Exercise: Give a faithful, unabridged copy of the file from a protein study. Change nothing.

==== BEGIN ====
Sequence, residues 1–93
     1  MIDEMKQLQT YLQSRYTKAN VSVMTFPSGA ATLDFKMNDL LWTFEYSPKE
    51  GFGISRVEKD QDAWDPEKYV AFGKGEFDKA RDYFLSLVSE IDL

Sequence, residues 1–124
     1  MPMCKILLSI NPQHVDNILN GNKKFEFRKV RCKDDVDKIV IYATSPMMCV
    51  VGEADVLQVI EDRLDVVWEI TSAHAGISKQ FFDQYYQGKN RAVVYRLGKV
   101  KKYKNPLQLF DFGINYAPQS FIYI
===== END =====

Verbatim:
Sequence, residues 1–93
     1  MIDEMKQLQT YLQSRYTKAN VSVMTFPSGA ATLDFKMNDL LWTFEYSPKE
    51  GFGISRVEKD QDAWDPEKYV AFGKGEFDKA RDYFLSLVSE IDL

Sequence, residues 1–124
     1  MPMCKILLSI NPQHVDNILN GNKKFEFRKV RCKDDVDKIV IYATSPMMCV
    51  VGEADVLQVI EDRLDVVWEI TSAHAGISKQ FFDQYYQGKN RAVVYRLGKV
   101  KKYKNPLQLF DFGINYAPQS FIYI